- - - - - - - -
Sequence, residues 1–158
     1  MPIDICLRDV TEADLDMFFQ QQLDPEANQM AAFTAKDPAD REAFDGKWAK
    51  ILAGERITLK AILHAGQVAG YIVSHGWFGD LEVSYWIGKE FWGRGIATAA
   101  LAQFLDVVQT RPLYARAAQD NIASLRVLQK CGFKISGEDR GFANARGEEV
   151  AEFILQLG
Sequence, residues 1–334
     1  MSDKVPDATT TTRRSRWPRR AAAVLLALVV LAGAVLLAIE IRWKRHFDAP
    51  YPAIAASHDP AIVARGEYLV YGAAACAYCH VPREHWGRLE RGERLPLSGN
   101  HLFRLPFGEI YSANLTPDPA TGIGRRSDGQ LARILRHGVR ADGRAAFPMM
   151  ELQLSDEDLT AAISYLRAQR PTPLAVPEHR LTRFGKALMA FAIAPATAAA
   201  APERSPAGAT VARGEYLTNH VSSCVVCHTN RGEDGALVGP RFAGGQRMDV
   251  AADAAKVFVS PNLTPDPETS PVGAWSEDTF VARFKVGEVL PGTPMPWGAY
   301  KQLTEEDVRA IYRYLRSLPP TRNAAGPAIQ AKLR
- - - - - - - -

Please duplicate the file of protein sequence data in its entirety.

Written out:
Sequence, residues 1–158
     1  MPIDICLRDV TEADLDMFFQ QQLDPEANQM AAFTAKDPAD REAFDGKWAK
    51  ILAGERITLK AILHAGQVAG YIVSHGWFGD LEVSYWIGKE FWGRGIATAA
   101  LAQFLDVVQT RPLYARAAQD NIASLRVLQK CGFKISGEDR GFANARGEEV
   151  AEFILQLG
Sequence, residues 1–334
     1  MSDKVPDATT TTRRSRWPRR AAAVLLALVV LAGAVLLAIE IRWKRHFDAP
    51  YPAIAASHDP AIVARGEYLV YGAAACAYCH VPREHWGRLE RGERLPLSGN
   101  HLFRLPFGEI YSANLTPDPA TGIGRRSDGQ LARILRHGVR ADGRAAFPMM
   151  ELQLSDEDLT AAISYLRAQR PTPLAVPEHR LTRFGKALMA FAIAPATAAA
   201  APERSPAGAT VARGEYLTNH VSSCVVCHTN RGEDGALVGP RFAGGQRMDV
   251  AADAAKVFVS PNLTPDPETS PVGAWSEDTF VARFKVGEVL PGTPMPWGAY
   301  KQLTEEDVRA IYRYLRSLPP TRNAAGPAIQ AKLR